The First and Jasper project
For years, the intersection of 101 Street and Jasper Avenue has been a perfect symbol of the problems afflicting Edmonton's downtown core: plenty of prime real estate, little imagination, no fun. On a beautiful Saturday afternoon in summer, you might find a few people out there waiting for a bus to take them to West Edmonton Mall.
Expect big changes, and soon. In May, the City of Edmonton began its two-year plan to renovate Jasper Avenue between 100 Street and 102 Street, widening sidewalks and ripping out the obtrusive, unpopular medians that run down the street. A new pedestrian-friendly space is envisioned, filled with shops and restaurants intended to jolt awake the city's sleepy centre.
GE Capital Real Estate's First and Jasper project will offer a preview of the new downtown to come. Designed by DIALOG and constructed by Ledcor Group of Companies, this massive renovation of the old Epcor Tower kicked off in January. If this corner is the heart of the city, expect it to beat a little quicker come March 2013, when the building is finished.
Originally built in the mid-1970s, the building has best been known as the home of Epcor Utilities Inc. since 1990, back when the company was still called Edmonton Power. Indeed, that's likely all that anyone knows about the building, unless they happen to be Epcor employees. The place represented an older vision of downtown-sealed off, isolated and unvisited. It was a place you went to work, and then left at five o'clock without looking back.
The new vision for the site represents a radical break from that past, and nowhere is that more apparent than on the first two floors. Last year, the neighbouring Bank of Montreal building and Odeon Theatre were demolished to make way for a two-storey podium section connected to the main tower. Surrounded by glass and joined to the main building by a skylight, the new section will be a bright, open retail space. The old building, by comparison, contained only a meagre coffee shop and convenience store.
"Bringing the energy from the new retail and introducing it to the pedestrian traffic is going to be great for that location," says Cory Wosnack, principal at Avison Young, the project's leasing agent. "First and Jasper has been an underutilized opportunity for retail for a very long time."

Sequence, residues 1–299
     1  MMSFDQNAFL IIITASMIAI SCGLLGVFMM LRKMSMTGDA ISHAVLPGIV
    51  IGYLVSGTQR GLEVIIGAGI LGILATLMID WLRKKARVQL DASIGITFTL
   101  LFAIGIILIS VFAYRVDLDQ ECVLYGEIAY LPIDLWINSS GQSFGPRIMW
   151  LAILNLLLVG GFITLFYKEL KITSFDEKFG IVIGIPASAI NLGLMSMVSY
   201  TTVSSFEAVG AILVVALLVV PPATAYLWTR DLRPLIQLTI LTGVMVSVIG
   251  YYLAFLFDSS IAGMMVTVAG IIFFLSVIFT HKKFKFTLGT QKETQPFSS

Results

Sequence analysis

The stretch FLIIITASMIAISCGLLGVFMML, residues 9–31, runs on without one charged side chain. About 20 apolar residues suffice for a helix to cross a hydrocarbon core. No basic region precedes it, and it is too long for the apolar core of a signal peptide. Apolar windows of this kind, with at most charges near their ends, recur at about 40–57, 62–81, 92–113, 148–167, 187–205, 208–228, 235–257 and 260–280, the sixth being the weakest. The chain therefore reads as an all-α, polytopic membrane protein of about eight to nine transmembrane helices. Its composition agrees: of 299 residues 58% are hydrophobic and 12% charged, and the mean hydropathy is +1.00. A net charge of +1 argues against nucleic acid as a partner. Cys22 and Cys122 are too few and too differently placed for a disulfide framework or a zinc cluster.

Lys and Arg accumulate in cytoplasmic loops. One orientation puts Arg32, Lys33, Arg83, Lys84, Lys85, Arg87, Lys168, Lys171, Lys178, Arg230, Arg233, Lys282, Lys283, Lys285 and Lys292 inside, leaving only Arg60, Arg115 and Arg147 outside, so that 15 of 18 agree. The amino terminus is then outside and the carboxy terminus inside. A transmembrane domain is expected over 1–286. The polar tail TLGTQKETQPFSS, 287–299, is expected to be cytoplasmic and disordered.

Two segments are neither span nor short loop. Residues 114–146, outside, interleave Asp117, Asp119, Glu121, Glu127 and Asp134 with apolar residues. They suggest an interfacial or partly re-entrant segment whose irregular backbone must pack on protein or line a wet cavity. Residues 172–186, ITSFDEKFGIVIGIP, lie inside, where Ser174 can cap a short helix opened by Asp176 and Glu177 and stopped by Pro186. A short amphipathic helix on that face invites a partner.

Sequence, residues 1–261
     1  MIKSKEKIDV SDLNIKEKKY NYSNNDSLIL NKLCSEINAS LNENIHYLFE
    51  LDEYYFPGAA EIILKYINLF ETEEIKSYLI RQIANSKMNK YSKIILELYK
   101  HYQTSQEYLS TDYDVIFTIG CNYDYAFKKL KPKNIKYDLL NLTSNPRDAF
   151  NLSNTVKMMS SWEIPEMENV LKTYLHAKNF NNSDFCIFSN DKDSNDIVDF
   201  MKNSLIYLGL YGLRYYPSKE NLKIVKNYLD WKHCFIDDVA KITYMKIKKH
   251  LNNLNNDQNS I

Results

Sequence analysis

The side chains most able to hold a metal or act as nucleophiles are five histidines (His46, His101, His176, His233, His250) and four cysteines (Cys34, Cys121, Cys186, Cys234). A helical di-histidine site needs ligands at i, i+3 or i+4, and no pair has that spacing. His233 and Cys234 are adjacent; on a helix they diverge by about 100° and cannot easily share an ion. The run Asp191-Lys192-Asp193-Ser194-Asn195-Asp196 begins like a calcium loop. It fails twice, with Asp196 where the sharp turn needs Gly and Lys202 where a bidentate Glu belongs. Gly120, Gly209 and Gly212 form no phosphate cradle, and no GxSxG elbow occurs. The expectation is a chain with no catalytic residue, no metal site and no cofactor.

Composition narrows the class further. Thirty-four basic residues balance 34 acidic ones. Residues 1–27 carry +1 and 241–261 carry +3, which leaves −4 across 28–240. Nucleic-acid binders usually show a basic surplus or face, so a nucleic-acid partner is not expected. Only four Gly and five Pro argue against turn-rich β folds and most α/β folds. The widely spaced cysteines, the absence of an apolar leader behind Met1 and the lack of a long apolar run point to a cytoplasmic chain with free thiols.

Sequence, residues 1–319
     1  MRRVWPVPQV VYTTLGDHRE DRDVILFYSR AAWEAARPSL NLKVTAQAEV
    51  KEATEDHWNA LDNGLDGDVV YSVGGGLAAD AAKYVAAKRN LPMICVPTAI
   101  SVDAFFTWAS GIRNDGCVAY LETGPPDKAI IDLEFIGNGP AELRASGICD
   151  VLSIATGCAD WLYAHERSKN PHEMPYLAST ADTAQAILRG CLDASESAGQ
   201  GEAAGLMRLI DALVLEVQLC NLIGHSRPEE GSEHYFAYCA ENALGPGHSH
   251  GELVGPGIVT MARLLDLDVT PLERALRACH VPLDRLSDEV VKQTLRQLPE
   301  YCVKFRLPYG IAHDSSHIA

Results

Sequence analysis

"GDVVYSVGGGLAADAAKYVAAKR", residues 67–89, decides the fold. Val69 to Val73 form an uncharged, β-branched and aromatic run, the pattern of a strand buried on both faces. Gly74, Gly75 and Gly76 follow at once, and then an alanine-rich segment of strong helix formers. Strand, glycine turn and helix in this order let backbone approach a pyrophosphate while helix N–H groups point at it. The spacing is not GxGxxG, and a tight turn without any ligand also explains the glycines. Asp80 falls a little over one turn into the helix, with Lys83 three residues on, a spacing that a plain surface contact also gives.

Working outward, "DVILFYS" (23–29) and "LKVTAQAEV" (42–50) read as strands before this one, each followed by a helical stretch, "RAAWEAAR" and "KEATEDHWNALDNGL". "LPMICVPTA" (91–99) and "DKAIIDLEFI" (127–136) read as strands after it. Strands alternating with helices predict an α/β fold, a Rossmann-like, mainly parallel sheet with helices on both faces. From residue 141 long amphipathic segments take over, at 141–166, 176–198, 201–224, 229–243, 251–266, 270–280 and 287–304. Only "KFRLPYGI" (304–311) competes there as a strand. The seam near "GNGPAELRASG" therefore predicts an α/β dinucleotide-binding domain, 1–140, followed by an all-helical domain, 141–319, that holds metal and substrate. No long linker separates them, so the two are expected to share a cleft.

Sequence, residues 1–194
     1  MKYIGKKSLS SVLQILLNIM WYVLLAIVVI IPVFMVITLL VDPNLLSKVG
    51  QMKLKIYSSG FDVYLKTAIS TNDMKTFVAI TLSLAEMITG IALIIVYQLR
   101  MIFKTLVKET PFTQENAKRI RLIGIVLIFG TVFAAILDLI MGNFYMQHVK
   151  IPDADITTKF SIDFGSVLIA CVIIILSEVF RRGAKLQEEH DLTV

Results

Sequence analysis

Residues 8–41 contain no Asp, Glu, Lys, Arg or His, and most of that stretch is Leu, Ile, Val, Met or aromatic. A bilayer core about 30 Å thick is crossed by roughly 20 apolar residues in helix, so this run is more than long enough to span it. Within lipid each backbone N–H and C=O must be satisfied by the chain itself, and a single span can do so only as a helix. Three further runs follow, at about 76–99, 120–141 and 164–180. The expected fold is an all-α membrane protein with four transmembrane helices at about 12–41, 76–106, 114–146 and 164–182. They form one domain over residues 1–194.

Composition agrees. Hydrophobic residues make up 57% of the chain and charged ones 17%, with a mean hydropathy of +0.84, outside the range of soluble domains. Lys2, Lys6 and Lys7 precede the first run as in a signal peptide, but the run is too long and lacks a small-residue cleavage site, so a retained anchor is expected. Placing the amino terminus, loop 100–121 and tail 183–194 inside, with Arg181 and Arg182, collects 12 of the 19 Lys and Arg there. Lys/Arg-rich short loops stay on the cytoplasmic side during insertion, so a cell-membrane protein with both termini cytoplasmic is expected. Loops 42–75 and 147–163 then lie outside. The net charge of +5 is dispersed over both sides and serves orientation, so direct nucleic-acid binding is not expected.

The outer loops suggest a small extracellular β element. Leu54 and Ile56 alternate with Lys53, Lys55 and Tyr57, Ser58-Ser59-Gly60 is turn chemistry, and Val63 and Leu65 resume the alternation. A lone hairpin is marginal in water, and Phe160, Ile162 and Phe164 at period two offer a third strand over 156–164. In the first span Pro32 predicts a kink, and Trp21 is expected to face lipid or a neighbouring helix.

"It's going bring a little more life to this corner of Jasper that hasn't been here in the last 10 or 15 years," agrees Scott Kapty, project manager with Ledcor.
Communicating with the city, the project tweaked its design to ensure it would fit into the new Jasper Avenue and take full advantage of the city's vision for the street. "We'll be the first building on Jasperâ€¦to be renovated and have [the avenue's new look] incorporated off the bat," Kapty says. "We were the guinea pigs."
In a sense, First and Jasper will also be an environmental guinea pig, representing a rare example of a LEED-EB (existing building) gold project in the city. Details on the final certification are still not quite known-the building can't be certified until it's up and running-but there's a lengthy checklist of qualifications to be met. These include minimum standards for water fixture and energy efficiency, as well as indoor air quality benchmarks. Every five years, the building must reapply for certification.
At the same time, Ledcor will be greening its own building practices as it works on the project. "We're looking at cutting down dust, cutting down VOCs [volatile organic compounds] and contaminants in the air by using something as simple as a low-VOC spray balm for an electrician laying out stuff," Kapty says. "Even if it isn't a LEED job, we found they're easy practices to adopt."
Tenant interest has been strong so far, with three major clients already lined up. Williams Engineering Canada Inc. has taken the entire 33,000-square-foot second floor-"boutique office space," as Wosnack describes it-with high ceilings, huge windows and an open-concept layout. The Association of Professional Engineers and Geoscientists of Alberta has staked out three floors in the tower, while the federal government has four floors to itself.
Close to half of the 220,000-square-foot project has already been leased out, and Wosnack expects interest to remain high, even with projects like the new Epcor Tower adding more premium office space downtown. Consider it a welcome side effect of Alberta's growing economy.
"Vacancy has been declining and rent rates have been climbing upwards of 20 per cent," he says, suggesting companies will scoop up properties now rather than let prices climb higher.
"Real estate deals that will be done six months from now are going to look quite a bit different from the real estate deals that are available today," Wosnack says.